Yesterday on QUILTsocial, we sewed a striped border to our lap quilt and used an Omnigrid 6“ x 24“ ruler to mark the mitered corners. With this border sewn on, we can now add the last two borders to our quilt.
Some quilters may say that once you’ve put a mitered border on a quilt, any other borders added after it need to be mitered too, but I’m all about making things easier for myself and I say that if the rest of your borders are non-directional fabrics, you don’t have to do this. So, today I’m adding simple, straight borders onto the curvy quilt I’ve been working on all week.
The second outer border is the orange dot fabric that coordinates with my fat quarters of Forest Friends fabric by Fabric Creations. This border will finish at 1″, so I’ll cut six strips that are 1½” wide.
While I’m cutting, I might as well cut the outer border fabric too. I need six – 6“ wide strips, so our border finishes at 5½”.
A word of advice about adding borders to your quilt: measure your quilt and cut the borders that size to ensure your borders lie nice and flat. Many quilters cut the border extra-long and start sewing the border at one end. When they get to the far end, they cut off the border to match the quilt. This often results in borders that are either too big or too small for the quilt, as the sewing machine may pull the fabrics through at different speeds. The quilt top won’t lie flat and you’ll end up with puckers or pleats when you (or a longarm quilter) go to quilt it. I always know how a quilter added their borders when I mount their quilt on my longarm. If the quilt border has a wave to it, the borders weren’t measured and pinned before sewing. It’s almost impossible to quilt the customer’s quilt without little tucks or puffy spots appearing.
To prevent this from happening on your next quilt, let’s go over the correct process now.
Step 1 – Measure, measure, measure
Lay your quilt flat on the floor or a table. Use a long tape measure like the Unique 60″ Tape Measure to measure the length of the quilt through the middle. Write this number down. Now measure along one long side and the other long side and write these numbers down, too.
Step 2 – Cut borders
If all three of your measurements are the same, that’s great! If they are off by a half-inch or so, cut two border strips using the middle measurement.
If your border strips aren’t long enough, join strips end to end with a mitered join and press the seams open.
Step 3 – Pin and sew borders to the quilt
Find the center of the quilt by folding it in half and placing a pin at the center on one side. Fold quilt in half again and pin the centers – this divides the quilt into four even sections. Do the same with your border so there are three pins in both the quilt and the border strip.
Lay the quilt flat on the table or floor and lay the border on top, right sides together. Match up the ends and the points with the pins and pin the two layers together. You now have your border spaced evenly along the side of your quilt. Do this with the other long side of the quilt.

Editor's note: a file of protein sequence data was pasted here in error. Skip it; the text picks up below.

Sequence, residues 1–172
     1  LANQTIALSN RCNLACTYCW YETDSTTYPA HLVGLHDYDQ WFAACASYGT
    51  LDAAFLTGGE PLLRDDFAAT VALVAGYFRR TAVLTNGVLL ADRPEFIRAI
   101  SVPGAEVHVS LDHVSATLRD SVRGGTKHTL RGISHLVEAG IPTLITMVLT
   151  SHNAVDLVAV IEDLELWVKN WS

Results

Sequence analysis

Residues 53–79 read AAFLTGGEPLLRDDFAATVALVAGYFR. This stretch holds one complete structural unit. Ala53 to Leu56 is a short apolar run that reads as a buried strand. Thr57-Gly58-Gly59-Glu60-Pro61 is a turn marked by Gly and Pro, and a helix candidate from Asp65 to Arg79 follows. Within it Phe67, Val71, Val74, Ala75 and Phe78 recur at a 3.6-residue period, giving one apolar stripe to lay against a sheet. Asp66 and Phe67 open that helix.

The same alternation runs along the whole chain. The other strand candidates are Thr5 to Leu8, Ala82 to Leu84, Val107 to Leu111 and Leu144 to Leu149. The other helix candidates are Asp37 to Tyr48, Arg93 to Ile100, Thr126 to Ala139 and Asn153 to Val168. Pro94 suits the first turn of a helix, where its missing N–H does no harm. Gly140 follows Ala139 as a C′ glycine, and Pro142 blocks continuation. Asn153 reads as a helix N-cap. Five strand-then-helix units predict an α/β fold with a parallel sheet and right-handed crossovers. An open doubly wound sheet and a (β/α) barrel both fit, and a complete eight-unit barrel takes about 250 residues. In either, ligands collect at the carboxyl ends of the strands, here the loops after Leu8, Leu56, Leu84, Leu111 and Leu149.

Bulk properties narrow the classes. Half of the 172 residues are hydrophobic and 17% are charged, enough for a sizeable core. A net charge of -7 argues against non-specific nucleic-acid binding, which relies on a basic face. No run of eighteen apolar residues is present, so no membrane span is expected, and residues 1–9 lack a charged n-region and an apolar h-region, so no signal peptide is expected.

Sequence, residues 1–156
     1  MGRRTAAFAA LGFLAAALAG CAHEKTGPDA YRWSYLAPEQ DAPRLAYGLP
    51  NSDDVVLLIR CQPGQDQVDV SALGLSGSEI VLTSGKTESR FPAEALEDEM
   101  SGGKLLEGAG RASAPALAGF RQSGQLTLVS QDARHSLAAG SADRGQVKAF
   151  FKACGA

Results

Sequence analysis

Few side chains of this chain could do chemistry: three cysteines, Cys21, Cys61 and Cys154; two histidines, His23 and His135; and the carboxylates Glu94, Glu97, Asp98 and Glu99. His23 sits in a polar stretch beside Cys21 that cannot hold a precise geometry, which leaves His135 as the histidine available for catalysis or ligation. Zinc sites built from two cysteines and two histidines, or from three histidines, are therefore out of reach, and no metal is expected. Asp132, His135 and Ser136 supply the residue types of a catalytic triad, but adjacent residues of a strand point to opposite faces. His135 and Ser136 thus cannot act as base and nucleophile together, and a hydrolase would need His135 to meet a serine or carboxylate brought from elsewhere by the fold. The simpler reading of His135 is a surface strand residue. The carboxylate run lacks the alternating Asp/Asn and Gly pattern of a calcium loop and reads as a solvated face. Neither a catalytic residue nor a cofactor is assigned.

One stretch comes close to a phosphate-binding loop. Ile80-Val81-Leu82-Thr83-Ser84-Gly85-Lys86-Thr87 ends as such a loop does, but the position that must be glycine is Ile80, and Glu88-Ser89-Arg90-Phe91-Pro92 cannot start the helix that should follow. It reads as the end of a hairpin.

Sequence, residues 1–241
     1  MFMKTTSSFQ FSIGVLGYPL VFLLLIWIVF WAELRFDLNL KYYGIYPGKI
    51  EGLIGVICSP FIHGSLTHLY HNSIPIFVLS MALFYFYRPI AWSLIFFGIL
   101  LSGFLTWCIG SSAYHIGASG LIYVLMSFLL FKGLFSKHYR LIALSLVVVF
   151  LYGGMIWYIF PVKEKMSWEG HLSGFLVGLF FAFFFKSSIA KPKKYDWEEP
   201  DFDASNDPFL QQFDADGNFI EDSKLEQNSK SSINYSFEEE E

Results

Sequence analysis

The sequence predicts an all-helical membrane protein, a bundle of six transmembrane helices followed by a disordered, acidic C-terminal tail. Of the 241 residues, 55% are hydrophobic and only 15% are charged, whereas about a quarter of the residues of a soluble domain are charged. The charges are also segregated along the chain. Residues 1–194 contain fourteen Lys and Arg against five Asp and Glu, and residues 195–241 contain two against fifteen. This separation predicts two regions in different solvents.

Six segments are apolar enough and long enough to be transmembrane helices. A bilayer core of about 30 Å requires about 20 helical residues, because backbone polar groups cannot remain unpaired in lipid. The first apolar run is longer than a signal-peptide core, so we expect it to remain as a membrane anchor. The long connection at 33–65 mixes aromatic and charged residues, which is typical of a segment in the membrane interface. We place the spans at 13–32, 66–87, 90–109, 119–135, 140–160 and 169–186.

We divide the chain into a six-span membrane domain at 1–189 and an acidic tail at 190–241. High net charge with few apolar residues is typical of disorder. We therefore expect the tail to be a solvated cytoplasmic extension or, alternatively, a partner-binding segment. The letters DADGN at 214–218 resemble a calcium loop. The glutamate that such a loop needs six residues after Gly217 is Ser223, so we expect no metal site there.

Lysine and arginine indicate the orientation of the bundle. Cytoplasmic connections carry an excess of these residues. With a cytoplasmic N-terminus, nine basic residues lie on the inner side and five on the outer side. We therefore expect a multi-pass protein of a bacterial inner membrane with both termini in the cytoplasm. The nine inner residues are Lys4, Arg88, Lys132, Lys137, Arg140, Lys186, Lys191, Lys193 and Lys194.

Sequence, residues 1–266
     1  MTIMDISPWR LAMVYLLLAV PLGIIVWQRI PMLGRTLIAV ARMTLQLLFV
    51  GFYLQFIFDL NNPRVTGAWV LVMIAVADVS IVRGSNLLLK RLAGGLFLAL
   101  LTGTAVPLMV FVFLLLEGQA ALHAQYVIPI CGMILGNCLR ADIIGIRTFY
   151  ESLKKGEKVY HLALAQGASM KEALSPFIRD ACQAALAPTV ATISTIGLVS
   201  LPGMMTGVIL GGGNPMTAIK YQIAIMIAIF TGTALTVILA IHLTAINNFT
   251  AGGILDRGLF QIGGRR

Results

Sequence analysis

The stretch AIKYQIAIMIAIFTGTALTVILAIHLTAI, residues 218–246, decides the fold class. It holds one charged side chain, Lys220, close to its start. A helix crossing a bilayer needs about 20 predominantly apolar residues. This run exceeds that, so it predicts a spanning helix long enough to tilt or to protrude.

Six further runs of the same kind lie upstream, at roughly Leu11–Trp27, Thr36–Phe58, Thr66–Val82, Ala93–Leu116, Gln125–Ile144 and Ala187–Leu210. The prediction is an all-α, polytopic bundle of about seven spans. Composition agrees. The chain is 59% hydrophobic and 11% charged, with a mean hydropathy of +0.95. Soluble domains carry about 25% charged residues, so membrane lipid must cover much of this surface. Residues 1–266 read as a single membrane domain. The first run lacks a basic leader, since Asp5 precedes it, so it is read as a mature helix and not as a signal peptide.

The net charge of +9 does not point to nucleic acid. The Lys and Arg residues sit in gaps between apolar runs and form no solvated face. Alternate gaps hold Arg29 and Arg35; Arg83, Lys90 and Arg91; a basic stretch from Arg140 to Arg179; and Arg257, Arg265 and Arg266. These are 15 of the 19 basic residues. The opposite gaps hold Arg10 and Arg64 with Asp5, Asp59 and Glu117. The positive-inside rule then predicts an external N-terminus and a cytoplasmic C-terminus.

You may find that either the border or the quilt is a bit bigger than the other, but that’s okay! Apply even resistance as you’re sewing, and the extra fabric will be eased into the seam.
Step 4 – Repeat for top and bottom borders
Follow the same process to cut and sew the top and bottom borders to the quilt.
Lay the quilt on the floor or table and measure the width of the quilt along both top and bottom and through the middle. Average these measurements and cut the outer borders accordingly.
Pin these borders to the quilt and sew.
And here it is… the finished quilt top! The Forest Friends fabric by Fabric Creations is so cute, and I think a little boy or girl would love to get a snuggle quilt like this for Christmas!
Next step… quilting.
Now that our quilt top is finished, it’s time to layer it with batting and backing. For this quilt I’ll use Fairfield’s new Toasty Cotton Natural Cotton Quilt Batting, and use up my leftovers from the Forest Friends fabric fat quarter bundles to make the backing.
I’ve run out of time this week, but I’ll get that lap quilt finished and show you how it turns out the next time I blog for QUILTsocial.
It’s been a fun week using all these new notions, like the Twisted Square Template by Sew Easy and the Komfort Kut 1″ Rotary Cutter, as well as some of my favorite go-to notions like SCHMETZ 90/14 Microtex Needles, Gütermann Thread, my OLFA Scissors and Olfa Rotary Cutter, and my favorite Omnigrid Ruler. It’s so nice to own quality notions that you know you can count on!
And it’s been really nice getting back to blogging for QUILTsocial! I didn’t realize how much I’d missed it. I hope you and your family are staying safe in these crazy times. See you in a couple of months.